Ross went inside to eat dinner. Out of sight and out of mind of the crime, this line of thinking sputtered out. A man’s pillow is his conscience, the proverb goes. Ross had committed no sin against his wife, and unlike Natalie the night before, he slept just fine. By morning he had pretty much purged himself of all thoughts of pretty pink pens, or anything similar. 

     But when he went into the garage after waking up, the pretty pink pen was staring at him again, still nestled next to the silver stylus. To Ross it was more than a simple stylus now, it was a magic wand casting a spell. He didn’t want to look at it anymore, so he took it out and threw it in the garbage bag next to the door. And that was that, or so Ross thought. 

     Arriving at the post office, Ross decided to wait in his car and clock in a couple clicks late, in order not to run into Natalie. She was always punctual, standing around the time clock five minutes early, chatting with all comers. It seemed like a good plan, but it backfired. He waited a little too long, and instead of avoiding Natalie altogether, he ran into her pushing her parcels into the parking lot. Being a polite person, Ross smiled, nodded, and said good morning, but she spun away to pull mail out of the hot case as if she didn’t see him, although he knew she did.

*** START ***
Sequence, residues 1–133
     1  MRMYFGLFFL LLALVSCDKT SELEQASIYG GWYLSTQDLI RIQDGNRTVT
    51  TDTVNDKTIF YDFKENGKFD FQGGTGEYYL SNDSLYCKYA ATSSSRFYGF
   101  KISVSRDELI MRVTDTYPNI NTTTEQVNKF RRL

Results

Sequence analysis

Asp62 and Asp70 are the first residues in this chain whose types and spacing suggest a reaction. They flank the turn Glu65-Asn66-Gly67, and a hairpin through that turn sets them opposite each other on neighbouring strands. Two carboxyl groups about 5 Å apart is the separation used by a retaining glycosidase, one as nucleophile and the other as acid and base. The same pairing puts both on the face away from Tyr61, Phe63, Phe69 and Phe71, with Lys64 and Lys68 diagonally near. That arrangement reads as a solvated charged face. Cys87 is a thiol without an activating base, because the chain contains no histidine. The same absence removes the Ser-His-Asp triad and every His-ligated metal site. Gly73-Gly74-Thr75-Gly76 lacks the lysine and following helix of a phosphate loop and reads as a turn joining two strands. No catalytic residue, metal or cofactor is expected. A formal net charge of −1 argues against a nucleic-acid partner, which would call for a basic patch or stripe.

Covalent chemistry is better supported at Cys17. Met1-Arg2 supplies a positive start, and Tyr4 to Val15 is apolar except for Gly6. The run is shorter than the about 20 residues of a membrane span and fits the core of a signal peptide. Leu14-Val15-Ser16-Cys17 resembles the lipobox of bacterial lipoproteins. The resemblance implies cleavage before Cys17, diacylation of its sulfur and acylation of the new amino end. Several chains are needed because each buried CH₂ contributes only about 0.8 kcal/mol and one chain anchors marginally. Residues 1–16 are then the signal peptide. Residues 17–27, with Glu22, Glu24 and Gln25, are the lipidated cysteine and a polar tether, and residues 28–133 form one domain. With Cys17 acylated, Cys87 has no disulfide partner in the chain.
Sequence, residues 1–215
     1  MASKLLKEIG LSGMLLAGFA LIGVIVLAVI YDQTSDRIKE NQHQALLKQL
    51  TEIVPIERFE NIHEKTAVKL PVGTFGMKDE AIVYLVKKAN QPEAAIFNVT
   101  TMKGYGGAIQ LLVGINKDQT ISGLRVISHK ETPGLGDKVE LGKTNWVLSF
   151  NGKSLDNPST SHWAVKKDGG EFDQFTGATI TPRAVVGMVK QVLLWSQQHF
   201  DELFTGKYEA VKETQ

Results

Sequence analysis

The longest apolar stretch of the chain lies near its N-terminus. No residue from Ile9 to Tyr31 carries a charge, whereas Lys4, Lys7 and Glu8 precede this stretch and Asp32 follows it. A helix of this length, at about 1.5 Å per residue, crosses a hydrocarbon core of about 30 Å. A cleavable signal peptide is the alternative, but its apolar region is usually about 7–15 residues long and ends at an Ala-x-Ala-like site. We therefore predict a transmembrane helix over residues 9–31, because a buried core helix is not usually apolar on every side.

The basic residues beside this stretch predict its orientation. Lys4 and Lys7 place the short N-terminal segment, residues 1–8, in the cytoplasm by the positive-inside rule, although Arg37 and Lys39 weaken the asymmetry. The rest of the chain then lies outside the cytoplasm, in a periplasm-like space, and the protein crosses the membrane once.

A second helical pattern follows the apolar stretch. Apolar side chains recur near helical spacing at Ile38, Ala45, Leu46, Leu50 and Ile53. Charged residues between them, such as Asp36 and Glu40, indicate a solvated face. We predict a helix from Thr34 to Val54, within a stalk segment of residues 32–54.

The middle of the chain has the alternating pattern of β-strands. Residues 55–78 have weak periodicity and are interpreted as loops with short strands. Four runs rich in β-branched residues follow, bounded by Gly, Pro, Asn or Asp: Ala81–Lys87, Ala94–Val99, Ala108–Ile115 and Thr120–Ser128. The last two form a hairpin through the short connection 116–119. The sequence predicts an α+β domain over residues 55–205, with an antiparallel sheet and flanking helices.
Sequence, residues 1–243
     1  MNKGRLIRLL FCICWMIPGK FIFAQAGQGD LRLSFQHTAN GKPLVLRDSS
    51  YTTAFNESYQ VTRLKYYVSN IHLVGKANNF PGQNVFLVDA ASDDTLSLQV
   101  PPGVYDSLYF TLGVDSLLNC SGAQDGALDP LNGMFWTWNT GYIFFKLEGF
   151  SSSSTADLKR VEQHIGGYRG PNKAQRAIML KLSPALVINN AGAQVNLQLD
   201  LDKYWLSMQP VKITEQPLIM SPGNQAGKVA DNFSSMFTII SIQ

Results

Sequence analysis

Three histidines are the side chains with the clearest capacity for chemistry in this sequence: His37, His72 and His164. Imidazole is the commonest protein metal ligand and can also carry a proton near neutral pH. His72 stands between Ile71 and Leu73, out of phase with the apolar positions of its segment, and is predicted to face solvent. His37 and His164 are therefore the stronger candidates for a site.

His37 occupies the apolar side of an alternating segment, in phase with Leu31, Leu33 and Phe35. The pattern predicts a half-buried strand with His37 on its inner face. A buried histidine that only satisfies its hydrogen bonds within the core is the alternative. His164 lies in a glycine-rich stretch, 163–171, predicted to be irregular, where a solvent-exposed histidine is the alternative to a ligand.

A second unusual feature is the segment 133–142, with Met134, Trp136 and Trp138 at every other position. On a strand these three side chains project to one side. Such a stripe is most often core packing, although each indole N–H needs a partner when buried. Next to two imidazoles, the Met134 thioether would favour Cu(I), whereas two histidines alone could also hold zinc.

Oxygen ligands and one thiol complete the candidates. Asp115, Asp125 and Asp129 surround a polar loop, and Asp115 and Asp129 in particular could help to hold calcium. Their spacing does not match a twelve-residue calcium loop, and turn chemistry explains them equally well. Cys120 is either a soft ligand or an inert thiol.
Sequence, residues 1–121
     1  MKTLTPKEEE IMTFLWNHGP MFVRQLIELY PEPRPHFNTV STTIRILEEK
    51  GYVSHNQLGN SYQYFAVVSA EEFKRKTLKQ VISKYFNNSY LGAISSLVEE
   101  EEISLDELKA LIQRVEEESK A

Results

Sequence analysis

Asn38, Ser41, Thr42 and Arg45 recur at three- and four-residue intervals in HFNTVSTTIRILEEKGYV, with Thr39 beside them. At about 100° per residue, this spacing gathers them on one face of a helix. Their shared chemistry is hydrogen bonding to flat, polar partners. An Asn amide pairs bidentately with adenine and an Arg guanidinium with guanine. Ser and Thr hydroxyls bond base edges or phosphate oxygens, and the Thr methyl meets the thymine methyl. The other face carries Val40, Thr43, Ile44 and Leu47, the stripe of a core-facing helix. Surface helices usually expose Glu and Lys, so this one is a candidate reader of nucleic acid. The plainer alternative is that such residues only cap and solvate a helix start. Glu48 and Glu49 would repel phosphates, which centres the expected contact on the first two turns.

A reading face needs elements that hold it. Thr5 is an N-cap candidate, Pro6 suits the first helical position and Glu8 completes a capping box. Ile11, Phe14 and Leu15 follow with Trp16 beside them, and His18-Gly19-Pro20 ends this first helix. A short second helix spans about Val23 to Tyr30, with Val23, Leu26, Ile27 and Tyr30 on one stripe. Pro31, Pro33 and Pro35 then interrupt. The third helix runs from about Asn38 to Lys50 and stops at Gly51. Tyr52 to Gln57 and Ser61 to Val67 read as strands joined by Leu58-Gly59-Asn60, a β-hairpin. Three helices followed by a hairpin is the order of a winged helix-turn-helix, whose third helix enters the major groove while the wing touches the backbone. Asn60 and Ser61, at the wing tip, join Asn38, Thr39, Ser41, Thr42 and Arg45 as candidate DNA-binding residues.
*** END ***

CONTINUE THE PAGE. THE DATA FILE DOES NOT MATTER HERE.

Ross spent another day consumed by his crazy, forbidden obsession. As he made his mail rounds, he pondered past conversations with Natalie, and wondered why he was getting the silent treatment all of the sudden. Was it really because of some stupid pink pen? Or was this just tricky feminine wiles at work? Was Natalie trying to intensify his obsession by pretending to withdraw her favor? Or had the magic wand of the pink pen rubbed its dark sorcery onto his silver stylus? Ross decided he better throw the silver one away too, just to be on the safe side. 

     At some point during the day, Ross’s brooding threatened to turn completely irrational. He decided he better speak to someone, before this obsession became dangerous. 

Read Part Three here: https://melcarriere.com/pretty-pink-pen-part-three/